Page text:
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by Curtis Phillips | October 10, 2012 | 1:25 PM

I dislike the very idea of issuing patents for naturally occuring organisms, but I lost that argument decades ago. If institutions like the CSIC (Consejo Superior de Investigaciones Cientificas) weren't patenting their work, someone else would be. What makes the following press release noteworthy is that Terras Gauda believes that obtaining the license for these patented organisms is a viable business strategy.

 

The Original Press Release follows:

 


TERRAS GAUDA LICENSES ITS 3RD PATENT AS THE RESULT OF AN INTERNATIONAL RESEARCH PROJECT BY THE CSIC AND THE CENTRO DI RICERCA PER L´ENOLOGIA DE ASTI (ITALY)

TERRAS GAUDA Wineries has licensed its third patent obtained by the CSIC and scientists from the prestigious Italian institute Centro di Ricerca Per L´Enologia de Asti as the result of progress made in an R&D project to enhance the personality and boost the singularity of its wines, making it the only winery in Spain to have been granted three patents.

TERRAS GAUDA has once again played a pioneering role by selecting and isolating a microorganism specific to Caíño Blanco, which has been genetically certified through DNA testing to ensure the production of unique wines. The winery’s technical department will use the microorganism to carry out partial malolactic fermentation, which will allow them to naturally control this process and aid in reducing acidity, enhancing the smoothness of the wine and intensifying its flavor without sacrificing the unique character of the variety or altering the end result.

The ecotypical lactic microorganism was isolated from Caíño Blanco grapes at TERRAS GAUDA Wineries and the selection and genetic testing were carried out at the Italian center after a year of research to ensure that it perfectly served its purpose in malolactic fermentation. The genetic characterization of the patented grape will enable it to be grown and used exclusively by the winery to produce its LA MAR wine (Caíño Blanco), a unique and clearly distinctive wine.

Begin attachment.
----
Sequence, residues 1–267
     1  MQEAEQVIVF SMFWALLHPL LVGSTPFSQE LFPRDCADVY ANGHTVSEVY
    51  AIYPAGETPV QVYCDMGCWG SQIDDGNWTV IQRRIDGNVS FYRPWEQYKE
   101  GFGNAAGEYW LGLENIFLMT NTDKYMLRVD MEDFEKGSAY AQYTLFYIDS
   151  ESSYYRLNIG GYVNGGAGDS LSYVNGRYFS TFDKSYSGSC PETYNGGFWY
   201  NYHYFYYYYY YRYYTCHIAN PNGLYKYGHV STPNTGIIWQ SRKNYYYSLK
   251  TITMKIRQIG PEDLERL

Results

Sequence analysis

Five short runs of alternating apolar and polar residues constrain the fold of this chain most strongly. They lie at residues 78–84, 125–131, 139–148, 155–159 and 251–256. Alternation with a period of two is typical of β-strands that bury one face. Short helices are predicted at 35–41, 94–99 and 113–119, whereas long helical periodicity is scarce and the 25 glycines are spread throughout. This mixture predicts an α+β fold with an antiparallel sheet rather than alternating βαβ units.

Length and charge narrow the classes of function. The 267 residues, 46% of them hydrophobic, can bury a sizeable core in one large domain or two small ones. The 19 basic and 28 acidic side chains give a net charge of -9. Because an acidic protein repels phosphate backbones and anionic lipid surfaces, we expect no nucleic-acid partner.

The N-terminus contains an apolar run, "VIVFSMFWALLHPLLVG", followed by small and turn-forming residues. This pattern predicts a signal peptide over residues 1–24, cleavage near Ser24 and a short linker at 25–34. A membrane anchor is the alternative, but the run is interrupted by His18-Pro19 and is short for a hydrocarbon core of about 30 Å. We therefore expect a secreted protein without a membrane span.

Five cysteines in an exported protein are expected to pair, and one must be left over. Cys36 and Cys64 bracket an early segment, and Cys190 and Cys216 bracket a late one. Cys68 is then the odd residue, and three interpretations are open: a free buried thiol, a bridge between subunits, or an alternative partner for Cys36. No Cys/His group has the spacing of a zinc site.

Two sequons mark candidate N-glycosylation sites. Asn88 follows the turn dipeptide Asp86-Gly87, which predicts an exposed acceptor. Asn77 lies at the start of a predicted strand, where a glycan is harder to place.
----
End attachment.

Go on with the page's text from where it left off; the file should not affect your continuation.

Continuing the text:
The technical director of TERRAS GAUDA Wineries, Emilio Rodríguez Canas, has worked alongside the scientists Alfonso V. Carrascosa and Adolfo J. Martínez from the CIAL Food Sciences Research Institute, the CSIC Joint Operations Center and the Autonomous University of Madrid, as well as researchers from the Centro di Ricerca per L´Enologia de Asti (Italy), led by Dr. Emilia Moruno, Italy’s representative at the International Organisation of Vine and Wine (OIV).

The licensing of the patent means a significant step forward in the project to recover the Caíño Blanco grape, which had practically disappeared, as it is the least productive of the native varieties. The O Rosal Winery produces 95% of the Caíño planted in the D.O. Rías Baixas: over 25 hectares, which it uses to create LA MAR, the only wine on the market made from this variety. 6,700 bottles were marketed from the first vintage and 20,000 from the second.

Since it was founded in 1989, TERRAS GAUDA has become a firmly established leader in research and development. It stresses the importance of collaboration between the world of Science and Business to achieve advances in the area of R&D that apply scientific knowledge to business projects, such as the one sponsored by the winery.

In addition, the president of TERRAS GAUDA Wineries, José Mª Fonseca Moretón, and the vice-president of the CSIC Organization in charge of Institutional Relations, José Ramón Urquijo Goitia, have signed an agreement to carry out the first “Scientific culture project” to plan joint activities aimed at promoting scientific cultivation in Oenology and Viticulture and to boost interest in knowledge.

TERRAS GAUDA Wineries and the CSIC will join efforts to define and organize the development of audiovisual materials and displays that introduce a scientific vision of wine from an educational perspective. They will address both historical and practical aspects of viticulture and oenological science through display panels that will form part of the tours at TERRAS GAUDA, promoting what could be considered the first scientific-technical guided tour of a winery. The production of an informational video about the contribution made by Science to Oenology and Viticulture will complement the material and potentially lead to the addition of a museum at the winery, the first at O Rosal, contributing to the promotion of wine tourism in the region.

Web: www.terrasgauda.com

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